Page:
Torrance Second Time DUI, 0.21% BAC, Crash into 3 Cop Cars
Prescription drugs and alcohol can pack quite a punch, as our forty-six year old client found out. She had been with friends at a Redondo Beach restaurant, eating dinner. With dinner, she consumed two large glasses of wine, but felt fine as she walked back to her car. It was just past 9:00 p.m.
Summary: Second-time DUI starting in Redondo Beach, but ending in Torrance when our client runs into three police cars. Our client’s BAC was 0.21%. Case resolved for four days of county jail, but significant other conditions.
She said her good byes to her friends and then got behind the wheel of her car, an older Mercedes, to drive home. As she was backing out of her parking space, she accidentally bumped a car driven by a Middle Eastern man. The speed at impact was less than three miles per hour, so there was probably no visible damage at all.
The man seemed extremely upset, so much so that our client became alarmed that he might hurt her if she got out of her car. Being less than five feet tall and under 100 pounds, she had a reasonable fear of the young, taller and heavier man, who was indeed well over six feet tall, with a thick, full beard and even wearing a hijab.
Our client therefore sped away onto Pacific Coast Highway, heading east towards Walteria and Lomita. The man followed her, flashing his lights. Our client became even more alarmed. She turned left on Anza and went northbound all the way to 190th Street. While driving northbound, she could see the man following her. They were both calling 911 to report each other.
The Torrance Police Department was able to locate the two turning from eastbound 190th Street to southbound Hawthorne Boulevard. They instructed the Middle Eastern man to stop following our client and he did. The police then attempted to pull over our client, but she refused, thinking the Middle Eastern man had lied about her in some way.
The police became more and more concerned about our client, as she was then observed weaving down Hawthorne Boulevard. She then turned left on Torrance Boulevard in an attempt to drive to the Torrance Police Station. She believed she was talking to the 911 operator and telling her this (it turns out that our client only thought this, as 911 never received any calls from our client).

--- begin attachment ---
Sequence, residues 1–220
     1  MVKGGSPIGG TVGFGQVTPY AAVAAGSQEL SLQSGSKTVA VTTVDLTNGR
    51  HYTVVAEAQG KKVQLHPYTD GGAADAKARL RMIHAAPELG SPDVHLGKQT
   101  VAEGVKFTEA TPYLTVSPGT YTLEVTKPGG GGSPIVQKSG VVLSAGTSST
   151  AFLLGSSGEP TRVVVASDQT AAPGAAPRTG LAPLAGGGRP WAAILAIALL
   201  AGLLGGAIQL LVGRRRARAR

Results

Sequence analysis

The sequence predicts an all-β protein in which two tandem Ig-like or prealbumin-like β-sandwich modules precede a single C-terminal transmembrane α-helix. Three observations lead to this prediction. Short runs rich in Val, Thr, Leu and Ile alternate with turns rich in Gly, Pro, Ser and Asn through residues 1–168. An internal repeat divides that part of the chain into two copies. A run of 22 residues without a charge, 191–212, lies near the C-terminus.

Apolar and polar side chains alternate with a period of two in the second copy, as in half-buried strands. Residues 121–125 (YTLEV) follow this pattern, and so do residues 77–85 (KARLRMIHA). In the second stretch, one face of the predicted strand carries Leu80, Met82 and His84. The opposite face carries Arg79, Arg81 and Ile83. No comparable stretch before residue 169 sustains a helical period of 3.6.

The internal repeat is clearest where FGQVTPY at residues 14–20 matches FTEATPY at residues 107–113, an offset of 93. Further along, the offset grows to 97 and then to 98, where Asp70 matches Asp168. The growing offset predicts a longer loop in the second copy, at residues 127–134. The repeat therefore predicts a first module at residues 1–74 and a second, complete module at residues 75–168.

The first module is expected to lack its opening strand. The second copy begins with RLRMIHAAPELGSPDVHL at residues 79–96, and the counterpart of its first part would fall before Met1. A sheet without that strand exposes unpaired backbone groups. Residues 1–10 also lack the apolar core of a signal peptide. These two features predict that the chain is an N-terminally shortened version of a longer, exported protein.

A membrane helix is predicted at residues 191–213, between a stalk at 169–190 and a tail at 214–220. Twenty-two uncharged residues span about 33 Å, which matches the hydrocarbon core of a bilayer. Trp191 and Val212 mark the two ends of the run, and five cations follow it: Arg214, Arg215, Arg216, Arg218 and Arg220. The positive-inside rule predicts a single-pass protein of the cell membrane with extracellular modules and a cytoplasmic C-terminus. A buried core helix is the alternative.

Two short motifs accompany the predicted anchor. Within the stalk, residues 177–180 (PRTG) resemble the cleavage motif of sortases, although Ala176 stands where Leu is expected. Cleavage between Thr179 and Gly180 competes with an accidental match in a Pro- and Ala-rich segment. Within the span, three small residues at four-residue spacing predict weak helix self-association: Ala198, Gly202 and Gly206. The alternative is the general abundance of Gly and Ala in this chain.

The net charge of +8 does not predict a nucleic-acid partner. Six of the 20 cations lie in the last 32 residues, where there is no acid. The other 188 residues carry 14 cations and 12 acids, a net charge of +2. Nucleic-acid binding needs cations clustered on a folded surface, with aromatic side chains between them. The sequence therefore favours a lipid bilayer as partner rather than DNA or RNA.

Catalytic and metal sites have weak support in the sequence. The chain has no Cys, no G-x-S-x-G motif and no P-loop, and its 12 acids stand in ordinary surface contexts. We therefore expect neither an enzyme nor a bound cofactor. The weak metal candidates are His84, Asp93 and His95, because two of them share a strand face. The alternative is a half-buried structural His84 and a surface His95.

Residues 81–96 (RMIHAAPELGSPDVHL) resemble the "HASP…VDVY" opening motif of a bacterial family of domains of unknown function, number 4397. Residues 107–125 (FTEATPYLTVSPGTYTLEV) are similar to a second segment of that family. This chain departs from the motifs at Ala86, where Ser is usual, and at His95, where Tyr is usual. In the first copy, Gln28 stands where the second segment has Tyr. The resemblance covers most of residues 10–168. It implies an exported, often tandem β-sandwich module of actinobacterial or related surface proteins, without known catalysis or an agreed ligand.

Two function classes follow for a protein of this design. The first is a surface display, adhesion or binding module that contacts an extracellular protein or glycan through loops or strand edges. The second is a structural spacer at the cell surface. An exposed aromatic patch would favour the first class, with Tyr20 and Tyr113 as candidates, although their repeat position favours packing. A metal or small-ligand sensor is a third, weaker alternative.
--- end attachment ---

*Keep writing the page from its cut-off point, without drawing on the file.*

The police then decided to perform a “PIT” maneuver on our client and brought our client to a stop. However, our client put her car in reverse and sped away. Police then caught up to her and formed a barricade to stop our client. She then turned around again. At this point, eight Torrance Police cars were involved. She then ran head-on into one of the cop cars and bounced into two more, finally coming to a stop.
Luckily, no one (including our client) was injured. Our client was then arrested and gave a breath sample, which was measured at 0.21% blood alcohol content (BAC). She explained to the police that she was under prescription for trazadone, Zoloft and Welbutrin. However, it was not clear if her behavior was even affected by such medications, as her blood alcohol level was so high.
There were many problems with case, the least of which seemed to be that this was second-time DUI. The client prudently checked herself into a residential alcohol treatment program immediately.
However, she was charged with nine counts, fortuitously none of which were felonies. Greg appeared at the arraignment and received the initial offer from the prosecutor: five years of informal probation, the 18 month alcohol awareness program (SB38), 90 days in County Jail, a $1,000 fine plus penalties and assessments (a total of about $4,500), restitution, 52 AA meetings, the City of Torrance booking fee ($435) and a $507 DUI response fee.
Over the course of several court appearances, Greg was able to explain the client’s conduct and who she was. He explained how she had continued in the residential treatment facility for over 60 days (thanks to her insurance) and how necessity (an affirmative defense) caused her to flee the angry Middle Eastern man for her personal safety. Greg explained that while the prosecutor might be skeptical of such a defense, a jury might find it reasonable and find her not guilty of even the first hit and run.
The prosecutor grudgingly acknowledged the argument, but did more so by how she agreed to ultimately resolve the case: instead of 90 days in county jail, the case was resolved for the minimum of four days (for a second time DUI). The court fines were dropped to a minimum of $390 from $1,000, saving the client not only $610 in court fees, but over $2,500 in penalties and assessments. The plea bargain did add a few items, but these were far less painful: 52 AA meetings per year for five years (AA meetings are free) and the twelve hour hospital and morgue program (HAM) and the Mothers Against Drunk Drivers (MADD) Victim Impact Panel (VIP).
The client was very happy to avoid 86 days of County Jail due to her job (she still had to serve four days) and to avoid almost $3,000 in court fines, plus penalties and assessments.
For more information about second time DUI’s, please click on the following articles:
- What Punishment Do I Face for a Second DUI?
- Second-Time DUI Offender Must Be Granted Restricted License After 90 Days of Actual Suspension
- Restricted Driver’s License for Second, Third & Fourth DUI